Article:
TikTok isn't just a threat to our national security – it’s endangering our children's health

·8 min read
28 per cent of teenagers aged 12-15 use TikTok as their primary news source
28 per cent of teenagers aged 12-15 use TikTok as their primary news source

TikTok is having a stormy summer. The video sharing platform, which has transformed social media in just five years, is now the most downloaded app in the world, but TikTok was linked to the death of Archie Battersbee, the 12-year-old whose life-support was turned off on August 6 following an extended legal battle. The app has also recently been accused of fuelling a rise in tics in teenage girls and bombarding young men with misogynistic content.

A lockdown hit that won millions over with dancing videos, Tiktok has also become an increasingly popular source of news as younger people eschew “mainstream media”. Last week, it even became a national security concern. Parliament closed its Tiktok account over fears of state surveillance, with Conservative MP Nus Ghani crediting it as a positive step for “showing serious spine in defending our values, protecting our security and sharing our concerns”.

So is TikTok being used as a tool of the Chinese Communist Party, an anarchic playground, an exciting cultural hub or simply a fun, safe space to hang out?

The answer is probably yes to all the above.

What is not in doubt is the extent of TikTok’s reach. This month, it opened a virtual stage at the Edinburgh Fringe with nearly a football team’s worth of TikTok-bred stand-up comedians. It’s also become the UK publishing industry’s new best friend – with sales of forgotten titles soaring thanks to users sharing their favourite titles on #booktok.

Between September and December last year, TikTok.com was the world’s most-popular website with Facebook in third place. It is slaying the social media giants. When Meta recently reported its first ever revenue loss, everyone blamed TikTok.

A leaked internal memo from a Meta researcher showed teenage presence on Facebook had declined by 13 per cent since 2019 and was projected to decline a further 45 per cent over the next two years. Meanwhile, eight new users join TikTok every second, meaning it adds the population of Helsinki to its platform every day. And TikTok is cashing in – its revenues were about $4 billion (£3.2 billion) last year, and should reach $12 billion (£9.8 billion) this year and $23 billion (£18.8 billion) in 2024.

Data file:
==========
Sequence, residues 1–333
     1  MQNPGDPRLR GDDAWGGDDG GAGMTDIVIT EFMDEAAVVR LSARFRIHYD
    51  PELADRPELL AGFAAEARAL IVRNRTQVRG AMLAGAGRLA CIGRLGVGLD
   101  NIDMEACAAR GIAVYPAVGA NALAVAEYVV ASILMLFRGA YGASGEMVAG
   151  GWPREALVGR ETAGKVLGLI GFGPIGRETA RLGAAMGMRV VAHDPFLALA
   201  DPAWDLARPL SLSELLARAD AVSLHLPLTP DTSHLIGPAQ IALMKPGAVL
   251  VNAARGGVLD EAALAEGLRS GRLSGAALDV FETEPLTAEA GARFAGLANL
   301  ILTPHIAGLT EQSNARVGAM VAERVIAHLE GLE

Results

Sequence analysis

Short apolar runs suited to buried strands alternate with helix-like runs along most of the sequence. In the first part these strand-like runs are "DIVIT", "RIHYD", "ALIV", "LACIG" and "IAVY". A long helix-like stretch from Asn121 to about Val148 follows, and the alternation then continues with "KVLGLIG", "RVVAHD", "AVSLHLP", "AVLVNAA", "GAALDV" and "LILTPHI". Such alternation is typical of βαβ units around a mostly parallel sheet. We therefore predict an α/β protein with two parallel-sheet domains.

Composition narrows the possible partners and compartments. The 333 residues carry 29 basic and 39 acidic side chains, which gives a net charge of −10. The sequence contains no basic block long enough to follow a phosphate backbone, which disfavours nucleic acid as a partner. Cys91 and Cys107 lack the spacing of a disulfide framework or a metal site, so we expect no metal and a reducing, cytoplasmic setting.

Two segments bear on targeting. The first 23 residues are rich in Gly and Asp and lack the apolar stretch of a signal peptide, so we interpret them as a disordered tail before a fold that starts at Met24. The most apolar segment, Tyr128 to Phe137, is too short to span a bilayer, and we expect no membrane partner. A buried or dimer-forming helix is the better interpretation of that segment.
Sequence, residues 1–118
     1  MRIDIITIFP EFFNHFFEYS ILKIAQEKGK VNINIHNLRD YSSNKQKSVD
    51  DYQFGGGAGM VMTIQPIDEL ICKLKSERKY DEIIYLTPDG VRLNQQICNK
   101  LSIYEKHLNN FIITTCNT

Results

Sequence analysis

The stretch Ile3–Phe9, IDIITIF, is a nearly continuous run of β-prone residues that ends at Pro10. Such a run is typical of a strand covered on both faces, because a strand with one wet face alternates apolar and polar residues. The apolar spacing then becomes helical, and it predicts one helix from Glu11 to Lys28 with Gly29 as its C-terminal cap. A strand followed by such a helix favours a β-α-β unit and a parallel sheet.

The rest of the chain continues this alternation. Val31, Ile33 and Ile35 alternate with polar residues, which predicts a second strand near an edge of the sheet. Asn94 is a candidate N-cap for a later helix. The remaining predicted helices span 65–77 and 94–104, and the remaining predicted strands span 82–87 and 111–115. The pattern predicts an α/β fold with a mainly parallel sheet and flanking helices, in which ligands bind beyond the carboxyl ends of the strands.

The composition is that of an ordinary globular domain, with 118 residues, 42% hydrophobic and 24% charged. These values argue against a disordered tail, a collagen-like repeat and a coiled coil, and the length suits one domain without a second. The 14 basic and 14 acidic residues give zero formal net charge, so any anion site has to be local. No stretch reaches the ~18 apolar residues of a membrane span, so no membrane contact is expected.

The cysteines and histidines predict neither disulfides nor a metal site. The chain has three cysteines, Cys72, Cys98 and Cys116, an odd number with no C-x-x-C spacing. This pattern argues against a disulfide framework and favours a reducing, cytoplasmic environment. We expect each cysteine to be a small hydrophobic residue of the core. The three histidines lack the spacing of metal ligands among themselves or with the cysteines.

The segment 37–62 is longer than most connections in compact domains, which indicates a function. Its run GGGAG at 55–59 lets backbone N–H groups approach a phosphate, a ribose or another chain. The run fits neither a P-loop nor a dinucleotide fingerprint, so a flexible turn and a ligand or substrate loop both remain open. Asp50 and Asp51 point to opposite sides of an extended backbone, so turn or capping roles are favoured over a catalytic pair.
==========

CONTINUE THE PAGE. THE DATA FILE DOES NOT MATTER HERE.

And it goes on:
So, where did it all start? The app is an international version of Douyin, a Chinese video app launched in 2016. From the beginning there have been concerns over data privacy. Despite TikTok’s assurances that user data from outside China would be stored on servers in other countries, an investigation by Buzzfeed found that Chinese engineers had access to US data between September and December last year. TikTok says that “today, 100 per cent of US user traffic” is being routed to an American data centre. “We also take our responsibility to safeguard our community seriously, both in how we address potentially harmful content and how we protect against unauthorised access to user data,” it added in a statement in June.

Some experts believe worries over privacy and national security are exaggerated, as Americans in particular are poorly protected by data-privacy laws and most of that information is already easily trawled online. The University of Toronto’s Citizen Lab found no sign that TikTok harvested contacts, photos, audio, video or location data without permission.

“This is really a symbolic response to the bogeyman of the moment,” says Toby Lewis, who spent 15 years in the UK Government’s cyber security threats response unit and is now global head of threat analysis at Darktrace. “We are making the assumption that the Chinese government has access to all TikTok data. TikTok’s user data is things like browsing habits, what videos you like… there could be privacy issues – and it could identify a parliamentarian’s device – but apps can only see a narrow slice of a phone’s overall content.”

Indeed, TikTok collects less data on its users than most social media companies, according to the US Senate. Blake Chandlee, president of global business solutions at TikTok and a former Facebook employee, believes there’s one simple reason for this: “Facebook is a social platform,” he said in June. “We are an entertainment platform. The difference is significant.”

TikTok’s highly-advanced algorithm is not interested in the network of friends, family, and casual acquaintances that users of social media platforms assemble. Instead, it monitors one thing above all else – the amount of time a user spends watching a video. It finds out what you like to watch and shows you more of it.

In that way, it’s closer to Netflix than Facebook. Indeed, it has become the documentary tool of choice for billions – hence suspected people smugglers apparently using the platform to show upcoming dates for future crossings to the UK, an activity TikTok has told The Telegraph has “no place” on the platform.